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Home Publications Blogs Beat the Press The New York Times Redefines Middle Class Upwards

The New York Times Redefines Middle Class Upwards

Monday, 13 December 2010 05:37

In an article that discussed the benefits of the tax deal for the middle class the NYT told readers:

"And other provisions that benefit the middle class have gotten virtually no attention, including a temporary repeal of a limit on itemized deductions and repeal of the phaseout for personal exemptions. Together, those tax breaks will cost nearly $21 billion."

The phaseout of the personal exemption only begins to kick in for couples with incomes over $250,000. This places them above 98 percent of the population in income.

Comments (9)Add Comment
No Surprise There
written by libhomo, December 13, 2010 7:32
The NY Times is a rightist, GOP propaganda rag.
middle class disappearing etymologically as well
written by frankenduf, December 13, 2010 9:30
reminds me of the mcain debate where he defined someone wealthy at $5million of income- he even made a pastor blush!
written by liberal, December 13, 2010 10:21
Wealth is accurately defined in terms of assets, not income.
Shows Reporter's bias, not the facts
written by betsy, December 13, 2010 11:37
Reporters have to be much more careful in putting their own class-based assumptions into their stories. I'd bet that this one thinks that since it's expensive to live in NYC, $250K is middle class. I'd also bet that most of this reporter's friends make that much money yearly, so they don't consider their daily privileged living to be upper class.

The fact is that even in NYC that salary still gives one access to luxuries, like private school, that these folks are taking for granted. Moreover, the divide between the rich and poor in NYC is now a chasm, so it only reinforces the fact that this person lives in a bubble, not the real world.
written by umass1993, December 13, 2010 12:52
This insensitivy displayed by the NYT shows how they truly are NOT liberal. They say all the right liberal things but they don't truly understand it. So when an issue arises that is not in their liberal doctrine (oxymoron?) they fail to respond appropriately.

As I said. What passes for liberalism today isn't really liberalism, it's Great Society doctrine, from circa 1965, when the Boomers identity was formed.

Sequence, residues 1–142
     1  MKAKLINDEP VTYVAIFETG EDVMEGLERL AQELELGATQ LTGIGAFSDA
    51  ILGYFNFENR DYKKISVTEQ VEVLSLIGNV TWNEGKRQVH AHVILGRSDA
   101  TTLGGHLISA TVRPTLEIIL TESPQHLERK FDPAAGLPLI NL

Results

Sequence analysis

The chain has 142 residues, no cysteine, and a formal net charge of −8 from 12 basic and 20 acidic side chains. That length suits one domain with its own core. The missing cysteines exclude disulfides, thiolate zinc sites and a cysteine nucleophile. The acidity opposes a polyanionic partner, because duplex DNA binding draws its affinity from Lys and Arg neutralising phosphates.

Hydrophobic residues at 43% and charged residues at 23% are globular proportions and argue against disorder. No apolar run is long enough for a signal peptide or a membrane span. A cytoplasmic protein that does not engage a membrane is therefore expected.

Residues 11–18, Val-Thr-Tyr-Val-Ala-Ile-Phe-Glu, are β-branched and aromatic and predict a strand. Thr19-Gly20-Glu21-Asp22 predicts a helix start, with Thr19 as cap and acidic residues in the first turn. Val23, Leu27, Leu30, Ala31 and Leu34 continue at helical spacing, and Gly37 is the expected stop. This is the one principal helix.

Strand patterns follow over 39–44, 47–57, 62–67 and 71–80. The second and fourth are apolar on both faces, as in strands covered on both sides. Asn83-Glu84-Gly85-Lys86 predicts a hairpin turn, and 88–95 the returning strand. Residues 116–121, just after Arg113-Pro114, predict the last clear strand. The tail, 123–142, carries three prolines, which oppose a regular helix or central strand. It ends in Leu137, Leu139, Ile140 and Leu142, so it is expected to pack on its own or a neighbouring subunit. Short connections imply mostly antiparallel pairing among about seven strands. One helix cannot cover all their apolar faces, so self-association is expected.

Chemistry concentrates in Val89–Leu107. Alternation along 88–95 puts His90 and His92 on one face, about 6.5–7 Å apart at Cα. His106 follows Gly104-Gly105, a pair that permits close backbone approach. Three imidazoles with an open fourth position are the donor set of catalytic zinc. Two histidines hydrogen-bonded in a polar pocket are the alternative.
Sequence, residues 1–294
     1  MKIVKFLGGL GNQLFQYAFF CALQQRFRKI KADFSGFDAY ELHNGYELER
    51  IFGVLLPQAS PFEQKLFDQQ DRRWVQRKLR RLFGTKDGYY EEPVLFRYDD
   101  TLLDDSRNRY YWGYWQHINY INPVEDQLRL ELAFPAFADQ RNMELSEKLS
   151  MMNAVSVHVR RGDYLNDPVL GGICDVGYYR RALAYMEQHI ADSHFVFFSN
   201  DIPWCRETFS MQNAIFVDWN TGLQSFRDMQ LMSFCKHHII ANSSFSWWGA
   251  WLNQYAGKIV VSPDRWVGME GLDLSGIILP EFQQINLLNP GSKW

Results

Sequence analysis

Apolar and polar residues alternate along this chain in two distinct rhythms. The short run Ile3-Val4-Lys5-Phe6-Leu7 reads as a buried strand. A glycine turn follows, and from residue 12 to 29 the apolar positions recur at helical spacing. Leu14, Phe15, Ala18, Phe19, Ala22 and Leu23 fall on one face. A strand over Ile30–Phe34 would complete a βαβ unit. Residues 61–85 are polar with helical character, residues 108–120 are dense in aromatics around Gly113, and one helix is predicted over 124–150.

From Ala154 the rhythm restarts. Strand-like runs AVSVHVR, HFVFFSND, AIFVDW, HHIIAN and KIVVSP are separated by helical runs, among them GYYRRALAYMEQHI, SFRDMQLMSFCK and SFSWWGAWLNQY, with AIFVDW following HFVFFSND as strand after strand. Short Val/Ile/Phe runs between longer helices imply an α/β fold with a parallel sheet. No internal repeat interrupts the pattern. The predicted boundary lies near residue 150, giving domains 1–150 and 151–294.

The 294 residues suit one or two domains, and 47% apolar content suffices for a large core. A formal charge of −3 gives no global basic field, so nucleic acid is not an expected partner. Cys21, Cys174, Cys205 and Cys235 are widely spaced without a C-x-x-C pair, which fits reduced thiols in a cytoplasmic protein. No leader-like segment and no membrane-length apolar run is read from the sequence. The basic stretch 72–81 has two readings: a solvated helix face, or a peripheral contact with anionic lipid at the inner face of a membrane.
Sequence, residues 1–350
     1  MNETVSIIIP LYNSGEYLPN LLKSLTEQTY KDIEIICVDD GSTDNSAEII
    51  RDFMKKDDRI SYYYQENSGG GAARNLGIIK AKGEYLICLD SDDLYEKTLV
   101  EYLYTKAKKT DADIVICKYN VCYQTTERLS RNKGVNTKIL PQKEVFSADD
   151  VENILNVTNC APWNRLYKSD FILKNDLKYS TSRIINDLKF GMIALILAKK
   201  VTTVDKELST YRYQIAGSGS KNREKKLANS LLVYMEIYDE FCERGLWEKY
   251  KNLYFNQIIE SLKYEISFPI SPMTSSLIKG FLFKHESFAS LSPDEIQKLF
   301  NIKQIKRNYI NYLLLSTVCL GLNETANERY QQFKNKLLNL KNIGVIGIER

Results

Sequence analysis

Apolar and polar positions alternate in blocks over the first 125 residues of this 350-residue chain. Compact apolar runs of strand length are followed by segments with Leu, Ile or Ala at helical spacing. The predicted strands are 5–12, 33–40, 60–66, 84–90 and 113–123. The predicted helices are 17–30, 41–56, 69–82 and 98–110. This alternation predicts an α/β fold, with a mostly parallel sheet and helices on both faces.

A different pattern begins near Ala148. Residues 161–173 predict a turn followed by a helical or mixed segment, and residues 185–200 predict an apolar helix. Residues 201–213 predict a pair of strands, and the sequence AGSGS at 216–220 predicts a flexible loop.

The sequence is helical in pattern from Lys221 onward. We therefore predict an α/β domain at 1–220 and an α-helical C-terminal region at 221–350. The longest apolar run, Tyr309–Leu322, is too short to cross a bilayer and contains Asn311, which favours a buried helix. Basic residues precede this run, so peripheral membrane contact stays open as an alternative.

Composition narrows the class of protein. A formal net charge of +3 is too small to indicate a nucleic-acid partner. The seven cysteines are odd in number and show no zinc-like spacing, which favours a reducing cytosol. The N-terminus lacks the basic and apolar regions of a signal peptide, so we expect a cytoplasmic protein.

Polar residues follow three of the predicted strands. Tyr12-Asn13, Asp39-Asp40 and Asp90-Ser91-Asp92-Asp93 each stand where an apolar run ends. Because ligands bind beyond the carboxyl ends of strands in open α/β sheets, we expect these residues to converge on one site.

No doubt the Boomers in charge of the NYT yearn to still be what they were in 1965, but they aren't. They are a corporate-driven perversion of their former modest middle class upbringing.
written by Chris Nielsen, December 13, 2010 1:00
I wish reporters (including Dean) would emphasize more often how skewed the income scale is, and most people's idea of middle class. Only 1/4 of Americans make over $75 a year. Another 1/4 make less than $20K, the poverty line for a family of 4. "Middle" of what?
written by David, December 13, 2010 1:07

written by liberal, December 13, 2010 10:21 AM
Wealth is accurately defined in terms of assets, not income.

True, but "middle-class" is a slipperier concept than that.

Meaning of middle-class
written by jwo, December 13, 2010 1:18
It is amusing how people change the meaning of middle-class to fit there agenda.

We should define middle class as adults in families that earn between the 20 percentile and 80th percentile.

Also it is amazing how out of touch with regular Joes are these high profile people. It is like the think everybody make $250K per year and has an IQ about 110 etc.
Taxable income, please
written by urban legend, December 13, 2010 2:32
While I might even concede that someone "making" $250,000 a year in Manhattan is still in the middle class, that because we mean gross income when we say that. Will some liberal commentator please, please, please make the point that it is $250,000 in TAXABLE INCOME, and that such a person is probably "making" in the neighborhood of $400,000 before personal exemptions, exempt income and deductions are applied.

When we are reminded of that, the argument that we are talking about people still in the middle class is reduced to sheer silliness. Continuously failing to eliminate that right-wing talking point is, in my opinion, political commentary malpractice.

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About Beat the Press

Dean Baker is co-director of the Center for Economic and Policy Research in Washington, D.C. He is the author of several books, his latest being The End of Loser Liberalism: Making Markets Progressive. Read more about Dean.